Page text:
JMA: The documentary’s unflinching depiction of certain elements of punk rock is noteworthy—there are horrifying stories about Sid Vicious [of the Sex Pistols] locking your mother in a crawlspace for no apparent reason, or of fans tearing at your mother’s clothes on stage. I’m not trying to suggest that the entire movement can be reduced to this behaviour, but did you and the other filmmakers want to challenge the more rose-tinted understandings of the first wave of punk?
CB: The interesting thing about punk is that it means so many different things for so many different people. I think a lot of people have found punk’s anti-establishment stance inspirational and I think that’s great. But punk was much more than that. It was also a music scene, a youth subculture, a fashion movement, and more. There was a dark side to punk, from the flirtation with Nazi symbols to the nihilistic and frankly nasty behaviour it encouraged among some. I think it’s important that we don’t mythologize something that might not be as meaningful as we want it to be, or to ignore the negative aspects of something even if its overall influence has been positive.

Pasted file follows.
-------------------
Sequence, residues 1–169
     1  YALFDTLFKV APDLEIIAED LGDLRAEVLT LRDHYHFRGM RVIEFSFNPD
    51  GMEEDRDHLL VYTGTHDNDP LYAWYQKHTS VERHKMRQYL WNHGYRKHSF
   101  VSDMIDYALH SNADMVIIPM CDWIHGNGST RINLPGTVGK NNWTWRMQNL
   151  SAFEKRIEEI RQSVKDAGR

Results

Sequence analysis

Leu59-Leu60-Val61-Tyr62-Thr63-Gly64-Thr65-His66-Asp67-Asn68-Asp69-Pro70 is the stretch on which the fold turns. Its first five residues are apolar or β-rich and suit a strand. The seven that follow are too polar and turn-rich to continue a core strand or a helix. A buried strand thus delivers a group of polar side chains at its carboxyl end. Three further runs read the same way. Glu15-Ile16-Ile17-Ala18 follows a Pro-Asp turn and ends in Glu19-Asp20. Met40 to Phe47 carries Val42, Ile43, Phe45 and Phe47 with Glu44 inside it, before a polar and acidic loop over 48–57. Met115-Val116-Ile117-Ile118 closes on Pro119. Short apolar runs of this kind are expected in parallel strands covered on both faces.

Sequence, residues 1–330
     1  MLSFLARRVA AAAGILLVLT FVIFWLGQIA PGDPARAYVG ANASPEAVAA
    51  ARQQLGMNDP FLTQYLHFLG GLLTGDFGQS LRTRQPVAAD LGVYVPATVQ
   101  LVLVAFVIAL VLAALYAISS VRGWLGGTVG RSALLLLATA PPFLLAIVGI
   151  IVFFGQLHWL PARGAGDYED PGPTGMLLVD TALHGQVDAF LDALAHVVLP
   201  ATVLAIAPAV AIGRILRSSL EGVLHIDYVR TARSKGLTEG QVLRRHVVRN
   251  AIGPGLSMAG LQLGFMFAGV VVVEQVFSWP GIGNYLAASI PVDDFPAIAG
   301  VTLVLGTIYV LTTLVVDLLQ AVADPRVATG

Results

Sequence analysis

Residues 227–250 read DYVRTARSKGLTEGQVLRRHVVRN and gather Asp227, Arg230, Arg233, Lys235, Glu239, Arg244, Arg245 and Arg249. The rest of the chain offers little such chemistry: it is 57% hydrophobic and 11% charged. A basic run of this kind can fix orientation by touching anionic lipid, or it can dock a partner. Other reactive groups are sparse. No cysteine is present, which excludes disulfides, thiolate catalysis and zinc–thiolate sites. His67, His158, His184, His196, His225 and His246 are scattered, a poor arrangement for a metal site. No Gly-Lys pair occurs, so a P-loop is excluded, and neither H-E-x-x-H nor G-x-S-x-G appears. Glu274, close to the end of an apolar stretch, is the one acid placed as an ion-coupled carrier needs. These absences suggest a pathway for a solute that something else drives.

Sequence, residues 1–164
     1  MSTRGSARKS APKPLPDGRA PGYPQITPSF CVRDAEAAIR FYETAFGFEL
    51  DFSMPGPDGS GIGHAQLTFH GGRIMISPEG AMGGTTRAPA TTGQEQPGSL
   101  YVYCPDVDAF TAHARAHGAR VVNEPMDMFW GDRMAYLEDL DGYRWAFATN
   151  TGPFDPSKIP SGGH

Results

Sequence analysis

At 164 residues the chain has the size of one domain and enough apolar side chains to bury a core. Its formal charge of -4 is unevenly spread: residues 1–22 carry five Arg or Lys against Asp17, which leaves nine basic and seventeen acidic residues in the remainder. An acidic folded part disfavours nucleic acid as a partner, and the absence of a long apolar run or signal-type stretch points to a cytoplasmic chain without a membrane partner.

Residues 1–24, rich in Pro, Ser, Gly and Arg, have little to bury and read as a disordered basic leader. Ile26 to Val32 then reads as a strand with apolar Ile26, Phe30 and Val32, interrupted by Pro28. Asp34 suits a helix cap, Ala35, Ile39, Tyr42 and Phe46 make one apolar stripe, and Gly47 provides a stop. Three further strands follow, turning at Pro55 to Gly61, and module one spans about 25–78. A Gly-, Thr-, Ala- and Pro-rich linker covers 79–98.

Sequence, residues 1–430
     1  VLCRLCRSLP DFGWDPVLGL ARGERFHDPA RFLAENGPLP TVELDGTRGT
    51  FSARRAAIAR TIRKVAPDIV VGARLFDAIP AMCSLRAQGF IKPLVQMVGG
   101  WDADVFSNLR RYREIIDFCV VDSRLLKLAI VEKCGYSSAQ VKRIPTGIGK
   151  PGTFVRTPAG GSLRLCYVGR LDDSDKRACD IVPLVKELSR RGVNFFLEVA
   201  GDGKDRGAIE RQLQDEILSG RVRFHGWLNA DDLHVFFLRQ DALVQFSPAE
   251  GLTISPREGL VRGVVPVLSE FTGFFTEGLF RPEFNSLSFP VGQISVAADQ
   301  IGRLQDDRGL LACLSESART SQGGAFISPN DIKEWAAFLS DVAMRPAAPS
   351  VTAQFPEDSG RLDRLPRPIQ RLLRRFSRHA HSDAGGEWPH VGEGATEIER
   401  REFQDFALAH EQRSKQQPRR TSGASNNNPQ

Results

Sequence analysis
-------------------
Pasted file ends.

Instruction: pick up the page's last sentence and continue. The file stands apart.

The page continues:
JMA: The press X-Ray Spex received was sometimes preoccupied with Poly being biracial—your grandfather Osman Mohammed Saïd was a Somali dockworker, and your grandmother Joan Nora Elliott was an English secretary. Artists want to be recognized by the merits of their work, not the colour of their skin, but this desire can be met by the press and the public with a tendency to situate the work within a broader cultural tradition. Somewhere between these poles, tokenization can occur, and it is often at minimum the price underrepresented artists must pay for having opportunities extended to them. Would you agree with this assessment?
CB: Yes, I agree. My mother was very wary of it, as the tokenism often led to fetishization and the highlighting of difference, a process we can call “othering”. It was for these reasons that later in life my mother resisted all labels, preferring to define her heritage in her own terms. She considered herself a spirit-soul trapped in a material body first and foremost.